Environmentalists have won the latest battle in California's water wars, as California American Water just announced it is temporarily withdrawing its application to build a desalination plant on an old sand mine in the largely low-income town of Marina near Monterey.
The proposal faced a tough approval process at the California Coastal Commission after local activists complained about its effects on their community.
In a recent article, the Los Angeles Times asked this loaded question in its headline: "Is California serious about environmental justice? This water fight is a test." The issue is simple, according to a former coastal commissioner interviewed by the Times reporter: "Who's got the garbage? Who's got the landfill? Who's got all of it? Marina.…If the commissioners can't see that now, their environmental justice policy is meaningless."
Local communities have every right to be concerned about the siting of industrial facilities, but the worst way to promote "environmental justice" is to halt a facility that could provide much-needed water to a region that has, as even the article noted, "limited water options." Cal Am proposed the desalination plant a decade ago to mitigate other, pressing environmental concerns—and still keep the water flowing to its thirsty customers.
As the Times continued, the investor-owned utility has been over-pumping the Carmel River for several decades. That has obliterated the river's steelhead trout populations. The utility previously proposed building a dam and a larger, more intrusive desal plant, but environmentalists opposed those projects, also. (Big surprise, right?) As a result, Cal Am provides "some of the most expensive water in the country to cities that could not flourish without it."
Read that last line slowly and carefully, as it is an allegory for California's ongoing water problems. If California officials don't invest in water infrastructure and expand our capacity to meet a still-growing population, then water will become much costlier—or will end up being rationed by state edict. It's easy to pick nits with any potential project, but communities—and especially low-income ones—cannot flourish without abundant water.
The Marina project highlights the state's inability to make meaningful tradeoffs. We'd all prefer parks along the coast, but an existing industrial site seems like a perfectly reasonable place to put a new industrial facility. Any project must be analyzed for its cost and benefits ("desal" is relatively costly), but that's hardly what environmentalists are doing.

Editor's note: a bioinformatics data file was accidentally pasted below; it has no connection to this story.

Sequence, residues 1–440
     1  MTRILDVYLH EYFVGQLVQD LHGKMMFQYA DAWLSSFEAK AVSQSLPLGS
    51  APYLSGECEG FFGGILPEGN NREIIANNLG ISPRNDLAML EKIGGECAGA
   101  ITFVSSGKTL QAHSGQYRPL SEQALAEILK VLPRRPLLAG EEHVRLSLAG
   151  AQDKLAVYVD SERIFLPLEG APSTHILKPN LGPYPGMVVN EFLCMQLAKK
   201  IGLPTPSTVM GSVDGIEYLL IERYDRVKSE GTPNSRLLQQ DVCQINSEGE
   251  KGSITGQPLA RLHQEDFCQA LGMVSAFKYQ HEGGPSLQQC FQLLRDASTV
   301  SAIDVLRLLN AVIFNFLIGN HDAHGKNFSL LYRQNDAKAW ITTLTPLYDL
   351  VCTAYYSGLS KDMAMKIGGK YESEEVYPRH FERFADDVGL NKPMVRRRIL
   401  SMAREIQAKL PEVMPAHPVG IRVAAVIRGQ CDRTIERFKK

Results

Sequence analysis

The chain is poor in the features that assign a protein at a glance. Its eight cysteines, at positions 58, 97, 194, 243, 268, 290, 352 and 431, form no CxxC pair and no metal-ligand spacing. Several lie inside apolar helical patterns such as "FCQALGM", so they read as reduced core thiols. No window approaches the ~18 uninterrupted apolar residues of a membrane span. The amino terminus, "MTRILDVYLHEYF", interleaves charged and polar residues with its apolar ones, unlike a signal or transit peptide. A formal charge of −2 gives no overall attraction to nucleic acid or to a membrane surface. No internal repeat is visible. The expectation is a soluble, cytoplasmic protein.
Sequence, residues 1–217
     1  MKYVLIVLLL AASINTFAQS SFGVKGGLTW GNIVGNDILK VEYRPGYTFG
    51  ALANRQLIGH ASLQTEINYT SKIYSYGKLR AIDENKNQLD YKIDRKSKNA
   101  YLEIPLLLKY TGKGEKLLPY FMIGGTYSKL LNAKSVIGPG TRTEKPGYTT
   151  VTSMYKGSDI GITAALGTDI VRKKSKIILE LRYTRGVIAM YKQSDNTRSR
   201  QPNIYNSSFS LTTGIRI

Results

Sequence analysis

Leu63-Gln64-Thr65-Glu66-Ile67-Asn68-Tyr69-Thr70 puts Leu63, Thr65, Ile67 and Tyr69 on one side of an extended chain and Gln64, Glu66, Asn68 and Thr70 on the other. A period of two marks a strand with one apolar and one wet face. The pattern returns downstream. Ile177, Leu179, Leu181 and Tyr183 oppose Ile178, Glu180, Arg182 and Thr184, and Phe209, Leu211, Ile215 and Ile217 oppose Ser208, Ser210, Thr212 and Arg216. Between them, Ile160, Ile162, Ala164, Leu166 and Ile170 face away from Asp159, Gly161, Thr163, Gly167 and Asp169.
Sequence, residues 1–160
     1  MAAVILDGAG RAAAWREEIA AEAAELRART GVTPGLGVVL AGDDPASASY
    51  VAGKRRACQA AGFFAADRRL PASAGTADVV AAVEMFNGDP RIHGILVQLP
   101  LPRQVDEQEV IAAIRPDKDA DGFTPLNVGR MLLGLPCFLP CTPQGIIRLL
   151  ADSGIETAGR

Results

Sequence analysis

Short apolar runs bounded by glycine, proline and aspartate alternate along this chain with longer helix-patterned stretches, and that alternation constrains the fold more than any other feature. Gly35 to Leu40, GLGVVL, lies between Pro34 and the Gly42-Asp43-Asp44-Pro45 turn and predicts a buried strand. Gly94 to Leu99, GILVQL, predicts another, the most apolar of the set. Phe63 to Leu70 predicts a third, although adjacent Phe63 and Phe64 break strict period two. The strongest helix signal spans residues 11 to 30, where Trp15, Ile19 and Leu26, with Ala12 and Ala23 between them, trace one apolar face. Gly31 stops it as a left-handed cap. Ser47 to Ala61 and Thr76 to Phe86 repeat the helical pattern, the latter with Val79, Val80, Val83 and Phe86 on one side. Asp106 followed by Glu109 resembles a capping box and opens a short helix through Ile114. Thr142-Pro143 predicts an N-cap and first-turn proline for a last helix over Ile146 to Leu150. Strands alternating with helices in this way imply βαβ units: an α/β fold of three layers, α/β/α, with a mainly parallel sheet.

This fracas reinforces the theme of my forthcoming book, Winning the Water Wars. As summarized in its subtitle: "California can meet its water needs by promoting abundance rather than managing scarcity." California needs to build infrastructure that stores more water during wet years, so we have it during dry years. It must better maintain its existing infrastructure, lest we relive the near-disaster at Oroville Dam's spillways in 2017.
It needs to invest in desalination, water-recycling and allow private investors—such as those attempting to tap a Rhode Island-sized aquifer in the Mojave Desert—to find new water sources. We need a better pricing system that encourages sales and trading, so that companies can buy and sell water like anything else. Unfortunately, the state fights environmental battles over almost any attempt to accomplish those sensible goals.
California hasn't built major water infrastructure since the 1970s, when its population was roughly half its current size. Anyone who proposes a water-infrastructure system must spend years developing environmental reports and fighting environmental groups, which often function like litigation machines. I'd like to see those who oppose such projects be required to provide reports on where alternative supplies will come from.
As the Marina desalination project shows, stopping water projects in the name of "environmental justice" does nothing for poor people who face escalating water bills—and it often hurts the environment, as well. (Marina doesn't benefit directly from the plant, but will benefit if there's more water in the system.) Without the plant, the utility will continue to rely on the river.
It will not be able to, as the article added, provide discounted water to a local farming community. Current water limits harm California's farm regions the most. Those areas have the largest number of low-income residents. Certainly, a planned water-recycling plant near Monterey is a good idea—but it's wise to build multiple sources.
Environmentalists don't only oppose desalination plants because of siting issues, but because of concerns about their effect on a minuscule number of plankton in the nearly measureless Pacific. They oppose new dams—and the raising of existing ones—over concerns about rivers and fish. We must address legitimate environmental issues, but often they are a Trojan horse for opponents' real goals of limiting growth.
If Californians are serious about "environmental justice," they need to find ways to pump more water into our remarkable infrastructure systems. Actually, the current situation is unjust and environmentally destructive. A policy of abundance is the obvious fix.
This column was first published in the Orange County Register.